A fast and furious heroine’s tale.

This is a review…of sorts and there may be some spoilers ahead, so if you care about that stuff and you want to see F9 in all its non-spoiled glory, best you come back another day. You will want to come back, though, because I’m going to break it down for you…

Because I am the best wife in the entire world, I accompanied the luckiest husband in the world to the cinema to see F9, the latest instalment in the Fast and Furious franchise. I have nicknamed F&F ‘cars, guns and tits’. A well-meaning friend assured me, “Oh, there’s hardly any cars in those movies these days, it’s just Jason Statham brooding on screen.‘ Can I just say, I sat through what seemed like 18 hours of cars, guns, and to be fair, not that many mammaries, and got to see Jason Statham for about 40 seconds.

However, I did notice something I think only writers and those who understand the Heroine’s Journey will pick up on. At about the halfway point, the guy who believes he is the evil villain (who all but strokes a cat while wearing leather gloves), tells the F9 badasses ‘You all think you are the hero of your own story,’ and later, much later, he makes a few Star Wars references. He thinks he’s Luke Skywalker or Han Solo but the real evil villain, Charlize Theron with a truly awful haircut, says, ‘You’re Yoda. A puppet with someone’s hand up your ass.’

I’ve just read Gail Carriger’s The Heroine’s Journey and seriously, if you’re a writer of any kind, you need to read this great book!

Listen to Gail talk to Joanna Penn on The Creative Penn podcast

Okay, so there are a few random references about Star Wars, the stories created after George Lucas read The Hero with a Thousand Faces by Joseph Campbell. The hero’s journey, right? Nope. The original Star Wars trilogy are more like a heroine’s journey and guess what, so is F9.

Vin Diesel is the heroine of his own tale and I think he knows it. It just seems too obvious having read Carriger’s book.

I think if you were to analyse the structure of F9 it would follow a path set out by that original Star Wars trilogy, even down to the beginning with Diesel’s character, Dom, hiding out with his little family like Luke on Tatooine. He is nursing a broken heart after losing his wife in the course of the previous movie. He is literally separated from the feminine. And then the fight comes to him – he is called to action. Of course, like all good heroine’s he rejects the call and puts his family first, until he realises he has another family member to save! Family is all important to the heroine. He joins his comrades, gathers his allies and if it could get any more masculine it would have a dirty big moustache.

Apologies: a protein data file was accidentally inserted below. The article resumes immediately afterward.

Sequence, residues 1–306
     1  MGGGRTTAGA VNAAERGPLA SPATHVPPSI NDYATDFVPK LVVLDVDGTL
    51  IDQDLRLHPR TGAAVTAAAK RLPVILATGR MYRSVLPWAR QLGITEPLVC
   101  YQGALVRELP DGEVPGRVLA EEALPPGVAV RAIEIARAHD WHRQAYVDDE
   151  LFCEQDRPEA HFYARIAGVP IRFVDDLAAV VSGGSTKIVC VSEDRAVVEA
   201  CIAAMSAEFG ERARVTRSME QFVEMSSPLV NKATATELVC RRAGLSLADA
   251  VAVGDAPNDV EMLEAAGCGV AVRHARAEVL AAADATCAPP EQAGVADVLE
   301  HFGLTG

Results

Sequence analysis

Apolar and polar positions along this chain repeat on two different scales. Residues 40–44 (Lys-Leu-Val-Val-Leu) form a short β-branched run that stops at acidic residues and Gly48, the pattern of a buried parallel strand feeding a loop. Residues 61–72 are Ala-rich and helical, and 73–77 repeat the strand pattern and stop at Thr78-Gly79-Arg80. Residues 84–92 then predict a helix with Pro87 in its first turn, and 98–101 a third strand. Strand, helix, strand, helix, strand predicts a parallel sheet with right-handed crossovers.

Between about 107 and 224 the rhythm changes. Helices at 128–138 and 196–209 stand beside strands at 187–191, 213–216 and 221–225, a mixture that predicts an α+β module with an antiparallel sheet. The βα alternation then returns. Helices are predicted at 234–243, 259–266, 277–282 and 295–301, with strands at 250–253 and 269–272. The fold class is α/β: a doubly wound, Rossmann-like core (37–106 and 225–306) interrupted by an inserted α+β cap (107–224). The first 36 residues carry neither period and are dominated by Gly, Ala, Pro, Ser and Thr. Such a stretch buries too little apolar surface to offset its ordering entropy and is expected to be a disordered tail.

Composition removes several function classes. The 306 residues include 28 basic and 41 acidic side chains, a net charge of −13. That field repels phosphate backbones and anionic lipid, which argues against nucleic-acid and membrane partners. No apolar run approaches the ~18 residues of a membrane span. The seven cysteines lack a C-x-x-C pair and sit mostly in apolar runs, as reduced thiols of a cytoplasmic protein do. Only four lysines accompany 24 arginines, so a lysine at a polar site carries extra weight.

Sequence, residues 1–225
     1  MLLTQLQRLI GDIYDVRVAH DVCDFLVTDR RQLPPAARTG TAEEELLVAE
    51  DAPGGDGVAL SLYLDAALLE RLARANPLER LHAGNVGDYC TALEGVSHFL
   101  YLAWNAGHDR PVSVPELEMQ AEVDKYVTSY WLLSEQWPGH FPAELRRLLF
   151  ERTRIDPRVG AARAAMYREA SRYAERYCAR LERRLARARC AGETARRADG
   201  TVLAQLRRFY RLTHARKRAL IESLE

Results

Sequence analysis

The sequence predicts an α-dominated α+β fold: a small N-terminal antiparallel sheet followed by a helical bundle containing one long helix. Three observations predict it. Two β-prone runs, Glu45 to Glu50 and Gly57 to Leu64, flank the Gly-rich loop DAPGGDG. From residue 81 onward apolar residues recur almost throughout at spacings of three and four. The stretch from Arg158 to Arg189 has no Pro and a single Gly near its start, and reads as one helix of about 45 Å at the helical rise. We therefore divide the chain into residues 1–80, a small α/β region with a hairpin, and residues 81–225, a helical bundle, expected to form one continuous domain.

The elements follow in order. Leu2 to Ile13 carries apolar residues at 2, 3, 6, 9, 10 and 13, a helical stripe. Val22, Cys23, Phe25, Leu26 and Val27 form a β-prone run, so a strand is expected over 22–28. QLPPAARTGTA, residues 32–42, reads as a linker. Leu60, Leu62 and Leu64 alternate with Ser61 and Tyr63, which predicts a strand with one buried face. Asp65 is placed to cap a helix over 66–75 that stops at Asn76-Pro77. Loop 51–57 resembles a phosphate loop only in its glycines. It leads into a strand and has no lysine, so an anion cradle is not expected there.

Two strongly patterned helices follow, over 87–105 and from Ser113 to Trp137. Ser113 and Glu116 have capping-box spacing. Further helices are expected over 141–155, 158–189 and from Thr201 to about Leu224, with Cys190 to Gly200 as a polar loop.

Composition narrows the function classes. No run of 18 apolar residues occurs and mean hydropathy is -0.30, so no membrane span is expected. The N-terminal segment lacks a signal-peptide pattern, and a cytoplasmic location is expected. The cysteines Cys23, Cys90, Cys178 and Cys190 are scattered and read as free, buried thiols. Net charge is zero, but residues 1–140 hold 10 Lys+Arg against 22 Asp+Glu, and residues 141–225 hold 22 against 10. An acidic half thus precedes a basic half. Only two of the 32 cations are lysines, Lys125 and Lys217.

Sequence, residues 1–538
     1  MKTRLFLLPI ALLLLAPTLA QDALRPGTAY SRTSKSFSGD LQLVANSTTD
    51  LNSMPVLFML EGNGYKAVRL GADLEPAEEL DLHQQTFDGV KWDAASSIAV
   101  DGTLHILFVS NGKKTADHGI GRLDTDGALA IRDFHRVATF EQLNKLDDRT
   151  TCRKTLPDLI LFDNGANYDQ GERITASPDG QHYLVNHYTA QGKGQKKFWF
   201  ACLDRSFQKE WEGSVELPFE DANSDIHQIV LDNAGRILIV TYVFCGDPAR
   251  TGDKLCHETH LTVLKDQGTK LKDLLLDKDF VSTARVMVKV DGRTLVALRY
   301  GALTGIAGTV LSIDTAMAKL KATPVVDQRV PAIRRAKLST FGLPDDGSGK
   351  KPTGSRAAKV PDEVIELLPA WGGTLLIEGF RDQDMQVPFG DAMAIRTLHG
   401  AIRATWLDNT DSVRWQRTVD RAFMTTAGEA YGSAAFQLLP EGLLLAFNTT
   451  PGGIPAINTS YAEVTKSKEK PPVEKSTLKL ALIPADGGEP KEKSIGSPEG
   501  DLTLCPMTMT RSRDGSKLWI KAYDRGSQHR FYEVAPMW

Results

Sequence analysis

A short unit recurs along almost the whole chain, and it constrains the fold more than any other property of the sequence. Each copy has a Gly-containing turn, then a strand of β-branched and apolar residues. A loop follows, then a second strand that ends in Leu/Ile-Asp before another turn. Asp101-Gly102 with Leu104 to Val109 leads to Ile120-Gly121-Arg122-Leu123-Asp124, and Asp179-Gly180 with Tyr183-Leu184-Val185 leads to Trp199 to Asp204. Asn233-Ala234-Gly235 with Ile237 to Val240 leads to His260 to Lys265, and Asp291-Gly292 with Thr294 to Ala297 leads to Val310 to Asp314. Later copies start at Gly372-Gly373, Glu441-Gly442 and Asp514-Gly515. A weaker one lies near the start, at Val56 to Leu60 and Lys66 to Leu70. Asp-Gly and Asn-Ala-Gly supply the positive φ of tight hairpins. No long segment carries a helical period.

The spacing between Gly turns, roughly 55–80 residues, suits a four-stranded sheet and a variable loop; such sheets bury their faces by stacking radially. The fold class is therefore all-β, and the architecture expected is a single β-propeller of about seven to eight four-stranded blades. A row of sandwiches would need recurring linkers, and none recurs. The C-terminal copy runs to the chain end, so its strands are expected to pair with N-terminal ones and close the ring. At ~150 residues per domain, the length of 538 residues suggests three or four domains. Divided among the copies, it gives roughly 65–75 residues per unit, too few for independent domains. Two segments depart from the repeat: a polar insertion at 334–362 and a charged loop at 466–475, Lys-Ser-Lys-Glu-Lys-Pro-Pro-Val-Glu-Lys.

Then they are firmly on the road of trials, and they quickly find the thing, but oh no, it’s not going to be that easy, Dom! They are busted and they must go underground, where all good heroine’s have gone since Demeter had to go find Persephone. Blah, blah, blah, they do a bunch of stuff, tell us a bunch of backstories. We hear all about how Dom ended up as brooding and hard as he did. He has a bunch of family-oriented awakenings and people say things like “the worst thing you can do to a Toretto is take away his family.’

So, then they shoot a lot of ammunition. A shit ton. Cars get wrecked. Then the villain betrays his right-hand guy, Dom’s shit head of a kid brother who turned into John Cena. Cena is the Hero archetype here. He broods even harder than Dom and is better and stronger on his own. Luckily Dom has already had his moment of reckoning with the past and has decided he will forgive his little brother even though he trapped them underground and confessed that he’s tried to anonymously kill Dom’s crew numerous times over the past decade. So, there’s that.

They join forces and in an incredibly believable series of events (!) they reunite momentarily before Dom sends John Cena off on a quest of his own. Which means another movie…

Phew, I need a lie down after that. Oh, and then that little teaser of Jason Statham at the end…


Next week I think I’ll break down Black Widow (a hero archetype) and bore you with my theory about David Harbour’s characters in Stranger Things and Black Widow…

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